As we are all daily praying for and thinking of our brothers and sisters in Syria and Iraq, today I thought we’d get to know a saint who hails from that region–St. John of Damascus.
St. John (commemorated December 4) is most commonly known as one of the champions of Orthodoxy in the iconoclasm controversy of the ninth century. While serving as an official for the Muslim caliph in Damascus, John famously wrote three treatises in defense of the icons in response to Emperor Leo III’s decree banning images in the churches of Constantinople. Angered, Emperor Leo sent a letter addressed to himself forged in the handwriting of John to the caliph in Damascus which claimed that Damascus was ripe for the conquering. Though John proclaimed in innocence before the caliph, he was sentenced to having his right hand cut off as punishment for supposedly writing the letter. His hand was hung in the courtyard, but John begged for it to be returned.
That night, he kept vigil before the icon of the Theotokos, begging her to restore his mutilated hand. She granted his prayer, healing his hand and amazing the caliph. In gratitude, St. John placed a silver hand on her icon–an icon that became known as the “Icon of Three Hands” (which now lives on Mt. Athos…read her whole story here).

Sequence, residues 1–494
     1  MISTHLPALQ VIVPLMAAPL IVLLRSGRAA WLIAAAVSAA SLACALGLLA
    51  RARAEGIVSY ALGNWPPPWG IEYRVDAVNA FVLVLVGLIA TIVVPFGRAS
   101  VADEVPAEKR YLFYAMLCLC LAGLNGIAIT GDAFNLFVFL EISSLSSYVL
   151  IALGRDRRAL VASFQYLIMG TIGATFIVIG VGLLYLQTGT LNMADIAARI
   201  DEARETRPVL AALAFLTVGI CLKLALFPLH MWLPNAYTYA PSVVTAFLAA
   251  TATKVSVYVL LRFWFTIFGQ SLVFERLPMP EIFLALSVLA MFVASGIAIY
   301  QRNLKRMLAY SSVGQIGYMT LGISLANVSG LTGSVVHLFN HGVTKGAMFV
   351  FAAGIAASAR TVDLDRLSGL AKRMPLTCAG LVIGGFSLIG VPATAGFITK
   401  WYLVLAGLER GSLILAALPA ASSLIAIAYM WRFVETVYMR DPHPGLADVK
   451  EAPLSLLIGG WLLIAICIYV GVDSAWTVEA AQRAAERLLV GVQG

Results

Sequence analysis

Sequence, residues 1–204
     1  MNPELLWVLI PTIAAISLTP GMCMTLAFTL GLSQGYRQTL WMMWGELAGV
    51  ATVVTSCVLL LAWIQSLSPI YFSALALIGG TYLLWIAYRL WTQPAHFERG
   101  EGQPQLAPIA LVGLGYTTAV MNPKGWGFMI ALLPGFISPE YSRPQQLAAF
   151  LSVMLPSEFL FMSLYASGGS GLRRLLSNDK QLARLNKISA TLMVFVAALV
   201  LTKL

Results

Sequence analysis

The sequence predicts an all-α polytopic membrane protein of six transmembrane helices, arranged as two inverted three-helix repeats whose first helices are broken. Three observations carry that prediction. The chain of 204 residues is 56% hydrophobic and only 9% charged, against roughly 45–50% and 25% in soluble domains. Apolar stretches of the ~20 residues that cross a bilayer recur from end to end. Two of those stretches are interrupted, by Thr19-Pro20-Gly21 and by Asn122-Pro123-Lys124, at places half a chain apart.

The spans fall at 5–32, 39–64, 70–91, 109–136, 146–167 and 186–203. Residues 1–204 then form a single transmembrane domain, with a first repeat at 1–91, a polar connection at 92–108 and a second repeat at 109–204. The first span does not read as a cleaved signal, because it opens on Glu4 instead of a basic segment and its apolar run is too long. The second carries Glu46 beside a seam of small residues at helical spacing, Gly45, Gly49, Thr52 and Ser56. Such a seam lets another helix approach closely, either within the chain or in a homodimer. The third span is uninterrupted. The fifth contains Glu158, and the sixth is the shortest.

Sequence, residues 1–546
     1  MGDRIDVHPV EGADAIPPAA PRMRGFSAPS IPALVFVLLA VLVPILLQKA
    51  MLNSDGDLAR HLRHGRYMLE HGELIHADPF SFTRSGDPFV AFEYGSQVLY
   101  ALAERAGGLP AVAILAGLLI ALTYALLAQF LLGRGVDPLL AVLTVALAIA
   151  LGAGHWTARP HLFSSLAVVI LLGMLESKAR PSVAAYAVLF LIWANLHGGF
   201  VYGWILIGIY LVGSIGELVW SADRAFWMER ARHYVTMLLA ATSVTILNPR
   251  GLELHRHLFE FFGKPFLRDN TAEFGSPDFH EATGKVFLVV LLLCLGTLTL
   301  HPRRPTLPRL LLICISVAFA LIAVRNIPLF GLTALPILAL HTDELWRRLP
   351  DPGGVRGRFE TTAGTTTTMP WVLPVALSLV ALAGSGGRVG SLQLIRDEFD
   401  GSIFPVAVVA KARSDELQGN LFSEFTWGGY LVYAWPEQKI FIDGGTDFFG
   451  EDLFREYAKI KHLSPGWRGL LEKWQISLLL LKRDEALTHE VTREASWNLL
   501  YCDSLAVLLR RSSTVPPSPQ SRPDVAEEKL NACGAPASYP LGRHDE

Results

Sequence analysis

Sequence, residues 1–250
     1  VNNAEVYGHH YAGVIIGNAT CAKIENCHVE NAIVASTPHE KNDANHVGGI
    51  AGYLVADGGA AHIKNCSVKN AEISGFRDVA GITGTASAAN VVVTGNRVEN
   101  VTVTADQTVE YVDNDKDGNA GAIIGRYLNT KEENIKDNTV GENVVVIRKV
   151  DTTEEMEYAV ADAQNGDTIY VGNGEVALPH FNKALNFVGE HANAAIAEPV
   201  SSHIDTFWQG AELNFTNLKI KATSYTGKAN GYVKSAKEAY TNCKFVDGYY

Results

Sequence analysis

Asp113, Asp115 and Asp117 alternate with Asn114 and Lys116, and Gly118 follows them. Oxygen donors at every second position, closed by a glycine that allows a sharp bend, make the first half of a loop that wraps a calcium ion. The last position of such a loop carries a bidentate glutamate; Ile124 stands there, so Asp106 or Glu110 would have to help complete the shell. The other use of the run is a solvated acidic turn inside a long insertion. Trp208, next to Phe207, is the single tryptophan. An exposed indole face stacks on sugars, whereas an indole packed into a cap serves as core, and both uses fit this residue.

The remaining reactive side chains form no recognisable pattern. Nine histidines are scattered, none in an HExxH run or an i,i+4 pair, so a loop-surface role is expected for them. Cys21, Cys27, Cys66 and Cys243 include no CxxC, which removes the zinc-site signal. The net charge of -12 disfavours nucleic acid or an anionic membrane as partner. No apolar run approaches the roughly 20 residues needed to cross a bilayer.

Eventually, St. John became a monk and a priest at St. Savvas monastery, and it was there that he composed his great body of theological works. Of all of these, perhaps the most notable is tome The Fount of Knowledge which includes The Exact Exposition of the Orthodox Faith, the first known comprehensive summary of the dogmatic tradition of the Orthodox Church. What does that mean? Well, basically, St. John compiles, organizes, and explains 800 years of Christian theology, everything from the Trinity to the Creation, from the Incarnation to the Resurrection, not to mention also chapters on circumcision, anger, virginity, images, faith, sacraments, fear, pleasures, the Antichrist, angels, and hymns, to name a few.
As if defeating iconoclasm and explaining all of Orthodox theology weren’t enough, St. John also:
- compiled a chronicle of every conceivable heresy of his day (part of The Fount of Knowledge) and a number of longer treatises refuting them
- contributed to the form and content of the Octoechos, the book of the eight tone cycle in Byzantine music
- wrote a Christianized version of the story of the Buddha known as Barlaam and Josaphat
If you interested in getting to know St. John better or learning more about iconography in our Tradition, I suggest the Three Treatises on Divine Images. It’s a quick read (really, the first of the three is the best and could be read in one or two sittings) that would be great for a chapter discussion or two.
We do not change the boundaries marked out by our Fathers. We keep the Tradition we have received. If we begin to lay down the Law of the Church even in the smallest things, the whole edifice will fall to the ground in no short time.